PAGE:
Canadians are quick to use the U.S.A. Patriot Act as an excuse to avoid cloud computing, but they might not know many of the same laws already exist in Canada. Privacy lawyer David Fraser highlights the similarities at an OPC-hosted event

Don’t use the Patriot Act as an excuse

Canadians are cautious about using cloud computing services hosted in the United States due to concerns that data stored there becomes subject to the U.S.A. Patriot Act. But lesser-known Canadian laws also provide sweeping powers to authorities, according to one privacy expert.

The PatriotAct expands law enforcement’s surveillance and investigative powers, which is an issue for Canadians, said David Fraser, partner at McInnes Cooper, a law firm based in Atlantic Canada. “The U.S.A. Patriot Act has become short for,‘Oh, we can’t use the cloud,’” he said.

Speaking from a Canadian legal perspective on the topic of cloud computing at the Office of the Privacy Commissioner of Canada’s(OPC) 2010 Consumer Privacy Consultations in Calgary, Fraser highlighted common PatriotAct concerns.

National Security Letters are U.S.subpoenas that can require service providers or institutions to hand overinformation about someone’s transactions without a court order, he said. Theseletters don’t apply, however, to the substance within an e-mail message, he said.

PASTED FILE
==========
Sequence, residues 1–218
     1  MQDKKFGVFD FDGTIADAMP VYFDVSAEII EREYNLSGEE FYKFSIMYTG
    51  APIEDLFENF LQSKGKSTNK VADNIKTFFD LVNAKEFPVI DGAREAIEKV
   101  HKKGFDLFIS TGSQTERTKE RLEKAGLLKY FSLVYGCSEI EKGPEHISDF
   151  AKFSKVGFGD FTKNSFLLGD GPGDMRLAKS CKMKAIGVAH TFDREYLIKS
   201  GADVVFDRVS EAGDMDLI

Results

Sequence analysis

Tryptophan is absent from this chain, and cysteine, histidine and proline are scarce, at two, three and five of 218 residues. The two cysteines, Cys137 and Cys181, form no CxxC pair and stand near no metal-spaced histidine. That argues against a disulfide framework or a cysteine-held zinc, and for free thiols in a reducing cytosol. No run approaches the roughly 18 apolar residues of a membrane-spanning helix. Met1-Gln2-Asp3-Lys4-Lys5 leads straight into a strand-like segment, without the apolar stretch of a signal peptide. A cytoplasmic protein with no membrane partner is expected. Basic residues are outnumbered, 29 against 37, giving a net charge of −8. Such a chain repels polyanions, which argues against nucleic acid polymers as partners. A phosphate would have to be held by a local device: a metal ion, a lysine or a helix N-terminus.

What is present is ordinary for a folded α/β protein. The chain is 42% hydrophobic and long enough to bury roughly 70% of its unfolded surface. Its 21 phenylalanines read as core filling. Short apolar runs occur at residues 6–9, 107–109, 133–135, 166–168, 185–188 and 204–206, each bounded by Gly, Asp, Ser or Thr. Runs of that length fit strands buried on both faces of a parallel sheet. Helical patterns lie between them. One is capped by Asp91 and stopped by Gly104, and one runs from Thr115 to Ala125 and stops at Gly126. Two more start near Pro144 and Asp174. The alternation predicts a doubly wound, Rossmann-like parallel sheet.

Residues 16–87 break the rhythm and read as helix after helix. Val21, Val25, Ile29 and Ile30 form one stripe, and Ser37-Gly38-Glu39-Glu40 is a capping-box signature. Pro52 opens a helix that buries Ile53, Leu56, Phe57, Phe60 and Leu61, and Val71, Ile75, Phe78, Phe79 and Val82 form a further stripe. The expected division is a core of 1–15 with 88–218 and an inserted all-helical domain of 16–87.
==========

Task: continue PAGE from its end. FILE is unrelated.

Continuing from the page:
Another concern is Roving Surveillance, which is a U.S. federal warrant that covers the entire country, said Fraser.

The ForeignIntelligence Surveillance Act (FISA) Court Order is a third concern. These search warrants are issued from a secret court in the U.S. for the contents ofcommunications and are usually coupled with a gag order, he said.

But the Canada Anti-Terrorism Act (ATA), which also became law a few months after the Sept. 11, 2001 terrorist acts, amended a range of federal statutes and is verysimilar to the Patriot Act in the U.S., he said.

In reality,“most of the provisions of the U.S.A. Patriot Act are mirrored in Canadianlaw,” said Fraser.

“Canada has a‘secret court’ that allows ex parte applications for warrants, including ‘sneak and peek’ warrants,” he said. And like the U.S., “Canada has warrant-less wiretap powers for international communications,” he said.

Secret orders from secret courts comprised of specially-designated federal court judges are allowed by the Canadian Security Intelligence Service (CSIS) Act, hesaid. And with the National Defence Act, a minister (as opposed to a court) can authorize interactions for the purpose of foreign intelligence, he said.

There is also “a significant degree of co-operation between law enforcement/nationalsecurity agencies on both sides of the border,” said Fraser. “Canadian and U.S.intelligence agencies share vast amounts of information,” he said.

Mutual LegalAssistance Treaties (MLATs) also exist for information sharing related to targetsof mutual interest, he said. “Canadian authorities can get information in the U.S. without a warrant and American authorities can get information in Canada without a warrant” and this happens on a daily basis, he said.

“The ATA improves Canada’sability to investigate, detect and prevent terrorist activities at home andabroad,” states the Department of Justice Canada’s Web site, which lists thestatutes amended by the ATA.